Apr 19, 2019 update to the BMW 318is project car

Project BMW 318is: Putting Our Subframes Together and on the Car

The next step is to press all of the Powerflex bushings into place. These are the rear control arm mounting bushings.
Here is much of the front subframe; cleaned, painted and ready for assembly. As we outlined in our last chapter, the front struts are assembled first. From there subframe assembly is very straight forward.
And voila, we are ready to drop the engine into the subframe and then drop the car’s body onto the entire assembly.
We kept the engine hoist in place as well, so we could maneuver the engine and subframe combination slightly, to make sure the subframe bolts lined up correctly.

Last time, we sourced and installed a limited slip differential in our `91 318is. Truth be told, both the last update and this one were happening concurrently, so it’s high-time we get you up to speed.

With the Eastwood Chassis Black paint dry, it was time to reassemble our front and rear subframes.

At the rear, the first step is to install any and all bushings. As we’ve stated before, we’re using polyurethane bushings from Powerflex. The rear subframe has mounting bushings that are easily pressed into place. The trailing arm bushings need to be installed and then assembly can begin. We determined our rear wheel bearings were still in excellent shape, so we did not replace these.

From there, we bolted the trailing arms in place, installed the limited-slip differential, and then installed rebuilt half-shaft assemblies. With the springs set in place, their spring pads, and the dampers mounted onto the car’s body, we were ready to reinstall the relatively simple E30 BMW rear subframe.

Up front, we installed the bushings at the rear of the control arms and bolted the steering rack back in. We opted to not install the brakes at this point, as they would only add unnecessary weight. We would later replace the steering rack with a quicker rack from a BMW Z3, but that is a later chapter in this story. Obviously, this modification would have been much easier with the front subframe out and on the bench, but we live and learn.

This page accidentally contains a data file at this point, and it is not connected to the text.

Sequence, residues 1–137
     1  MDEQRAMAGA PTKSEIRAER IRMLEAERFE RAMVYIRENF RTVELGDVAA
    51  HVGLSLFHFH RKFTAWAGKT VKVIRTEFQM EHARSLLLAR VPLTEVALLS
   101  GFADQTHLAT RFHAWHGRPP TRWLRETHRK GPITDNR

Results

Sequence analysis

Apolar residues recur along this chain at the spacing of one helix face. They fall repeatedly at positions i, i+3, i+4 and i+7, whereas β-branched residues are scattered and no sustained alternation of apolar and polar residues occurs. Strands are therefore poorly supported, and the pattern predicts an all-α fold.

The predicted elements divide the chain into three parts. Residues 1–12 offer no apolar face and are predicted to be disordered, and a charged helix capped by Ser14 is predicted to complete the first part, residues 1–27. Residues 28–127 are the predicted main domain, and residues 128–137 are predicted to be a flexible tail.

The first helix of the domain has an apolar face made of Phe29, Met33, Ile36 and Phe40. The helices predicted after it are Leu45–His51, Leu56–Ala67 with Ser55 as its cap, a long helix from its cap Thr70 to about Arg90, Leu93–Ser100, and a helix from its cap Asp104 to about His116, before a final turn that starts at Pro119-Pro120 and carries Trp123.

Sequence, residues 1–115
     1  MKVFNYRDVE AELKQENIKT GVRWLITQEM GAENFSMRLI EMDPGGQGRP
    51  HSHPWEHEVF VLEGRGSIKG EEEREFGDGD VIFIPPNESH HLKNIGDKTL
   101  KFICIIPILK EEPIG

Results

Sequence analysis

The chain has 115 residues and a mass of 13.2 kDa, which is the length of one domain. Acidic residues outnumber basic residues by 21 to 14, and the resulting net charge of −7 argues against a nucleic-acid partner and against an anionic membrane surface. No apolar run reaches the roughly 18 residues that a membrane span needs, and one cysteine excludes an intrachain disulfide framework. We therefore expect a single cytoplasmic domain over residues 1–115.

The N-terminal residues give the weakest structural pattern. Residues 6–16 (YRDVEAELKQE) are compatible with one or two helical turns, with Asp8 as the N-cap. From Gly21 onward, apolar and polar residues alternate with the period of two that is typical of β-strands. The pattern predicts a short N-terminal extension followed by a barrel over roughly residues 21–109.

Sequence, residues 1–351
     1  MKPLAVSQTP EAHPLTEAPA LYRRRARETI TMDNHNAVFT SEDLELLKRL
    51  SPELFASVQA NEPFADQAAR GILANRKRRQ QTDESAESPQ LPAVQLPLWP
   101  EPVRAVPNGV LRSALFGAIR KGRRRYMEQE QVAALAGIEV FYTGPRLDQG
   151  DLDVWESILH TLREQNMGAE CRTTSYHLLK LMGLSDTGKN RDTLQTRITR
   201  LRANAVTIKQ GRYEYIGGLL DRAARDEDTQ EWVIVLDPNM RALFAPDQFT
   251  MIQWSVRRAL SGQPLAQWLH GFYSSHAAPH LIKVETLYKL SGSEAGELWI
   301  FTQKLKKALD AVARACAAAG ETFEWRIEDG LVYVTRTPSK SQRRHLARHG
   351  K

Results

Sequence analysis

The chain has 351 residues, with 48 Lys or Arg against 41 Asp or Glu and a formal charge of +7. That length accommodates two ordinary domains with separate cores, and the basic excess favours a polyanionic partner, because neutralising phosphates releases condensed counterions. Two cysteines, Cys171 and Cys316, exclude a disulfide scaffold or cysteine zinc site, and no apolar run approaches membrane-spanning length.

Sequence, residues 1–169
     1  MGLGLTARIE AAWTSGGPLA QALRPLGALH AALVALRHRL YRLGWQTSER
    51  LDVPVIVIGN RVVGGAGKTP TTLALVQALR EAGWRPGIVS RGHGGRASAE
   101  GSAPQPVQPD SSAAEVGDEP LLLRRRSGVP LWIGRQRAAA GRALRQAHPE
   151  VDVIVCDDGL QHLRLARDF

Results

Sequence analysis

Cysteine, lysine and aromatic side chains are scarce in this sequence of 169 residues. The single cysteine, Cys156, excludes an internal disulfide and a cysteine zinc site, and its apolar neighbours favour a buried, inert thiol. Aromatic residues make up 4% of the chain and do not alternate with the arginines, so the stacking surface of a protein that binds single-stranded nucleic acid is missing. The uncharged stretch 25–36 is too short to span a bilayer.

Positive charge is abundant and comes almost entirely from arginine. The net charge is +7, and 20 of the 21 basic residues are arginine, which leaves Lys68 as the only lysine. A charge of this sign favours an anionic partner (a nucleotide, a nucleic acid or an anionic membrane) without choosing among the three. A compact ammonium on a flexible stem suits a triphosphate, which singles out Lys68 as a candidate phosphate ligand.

We then used an engine crane to lower the engine and transmission onto the front subframe, which itself was on a heavy, movable work table that we have used for years to build projects. While this process was not difficult, it did take a couple of guys and 4” wooden blocks to raise the subframe off the table enough for the engine’s oil pan to clear the table. Next, we positioned the table underneath the body—which was still on our lift—and lowered the car’s body down onto the front subframe, complete with engine and transmission. We then needed to line the subframe bolts with the body and the upper strut mounts and locate the control arms. Fun fact: there are surprisingly few points of contact holding an entire E30 BMW front subframe to the unibody.

While our reassembly method might seem a bit odd, it is how the car was assembled originally. The factory workers were onto something, as it’s a very easy way to install everything at once. Assuming you have the right equipment, of course.

With the front buttoned up, we set about raising the rear’s fully assembled subframe—again minus the brakes—on a transmission jack. The subframe mounts fought us a bit, but we were able to wiggle the bolts through the body. We then bolted the differential to the body through its new Powerflex mount. From there we could bolt the rear dampers on, install the brakes and brake lines and, just like that, we had a rather complete car again.


Next time, we’ll install the rest of the polyurethane suspension bushings from Powerflex.

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